Saving Money Games in Real Life

Ways to save money via your money mindset.

Our culture often brags on how much one exclusive item costs, usually equated with a brand name item. You’ve heard people state with an air of excitement or boast, this is Louis Vutton, this is Channel, this is Gucci, etc. However, I play games to brag about the opposite: how low can I go and how long can I make it. I came up with these games by acknowledging my money mindset (I discuss three in the Grow Your Savings audio track) and aligning my behavior so I could save money not spend it.

Game 1: How low can I go?
The goal of this game is getting as much as possible for the lowest price. I’m all about cutting costs without sacrificing quality. All quality items don’t come with an expensive price tag. I’ve found everything from some of my best outfits to work supplies by bargain shopping and using bargain shops, outlets, discount stores, bartering with friends and family etc. The goal of the game is to get the best quality for the lowest price that stays within your budget. If you don’t have a budget, pause all shopping (besides the absolute necessities) and create one. Ok, back to the game. Every game needs rules right.

Rules:
1) It must be a justified purchase. It must be an item that can’t be upcycled or bartered from friends and family.
2) The price must be within your budget.
3) It must be competitively priced across stores, brands etc.

The rules help you go through a process to get to the lowest price for the item that you need. If it doesn’t pass all the rules then do not pass go, do not collect $200. In all seriousness, if the price is outside of your budget and the item is not a necessity then this is something that you need to save for in order to buy.

My process:
First I ask myself, can I upcycle something I already have if not can I barter for something that fits what I need or something that I can upcycle. If not then I decide I have to buy the item and the game really starts. I always check reviews and store websites to determine average pricing, best brands, durability etc., especially if it’s a large purchase or something electronic. You need an idea of what the item really costs in order to determine the best deal. Then I ask myself, what am I really getting for the money? If I spend slightly more is it actually a better deal? For example, when buying orange juice I check the price against the number of ounces in the different sized containers. I also consider the destined function of the item. For example, is it really worth it to get the pen that is $1.50 when you can get an entire pack for the same price. Sure the $1.50 pen may write really smooth, but are the ones in the pack that bad especially considering what you’ll use them for? Usually not. When I’ve decided on a store and a reasonable price, I then look for coupons and discounts. If it’s a store you frequent see if there are discounts through the rewards program or look online for coupons. When I get the item at a low price I brag about that accomplishment!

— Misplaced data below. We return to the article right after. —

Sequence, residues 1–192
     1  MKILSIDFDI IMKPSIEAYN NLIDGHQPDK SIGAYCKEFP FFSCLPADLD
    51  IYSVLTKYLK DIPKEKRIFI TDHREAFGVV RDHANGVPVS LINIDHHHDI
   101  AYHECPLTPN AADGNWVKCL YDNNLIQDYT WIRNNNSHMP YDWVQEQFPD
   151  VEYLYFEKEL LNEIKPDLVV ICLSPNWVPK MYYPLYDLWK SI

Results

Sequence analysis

Game 2: How long can I make it?
Another game I play, which opposes our consumer culture is to see how long I can go without spending any money. Bills are excluded from this, but everything else is fair game including food. Start the game when you don’t have an event or travel coming up and have just bought groceries and other necessities. You will be preparing all meals at home. Plan meals so you make sure you have ingredients to make several different dishes, snacks and desserts so you don’t need to run out and get ingredients for meals.

Rules:
1) Bills don’t count in the game (please pay your bills).
2) No spending of any kind, using credit or cash counts as spending money.

In order to stick to the game, I partake of free entertainment. If you’re a movie buff like myself check out the previous post on “where to watch movies online.” I also make it a habit to ridicule advertisement to counter its affects. During commercials, if you crack jokes on how they are trying to entice you they will be less effective. Besides that’s just fun with a group of friends or family. I do it with my sisters all the time. Also, when you go grocery shopping before you start the game, make sure to get a few junk food items so you won’t break when a craving hits. My longest stretch has been 42 days without spending a penny. I’m usually not that good; my average is closer to 20 days. How long do you think you’d make it? Play the game and find out and let me know in the comments.

Photo credit: Rick Brooks

About Dr. Maria James

Dr. James, The Money Scientist, has expertise with designing income management, debt management, and wealth strategies to help you live your best life. She is the founder of Pocket of Money, LLC and the creator of The Wealth Protocol™. Dr. James has also been a guest financial expert on ESSENCE, WEAA, Madame Noire and more.

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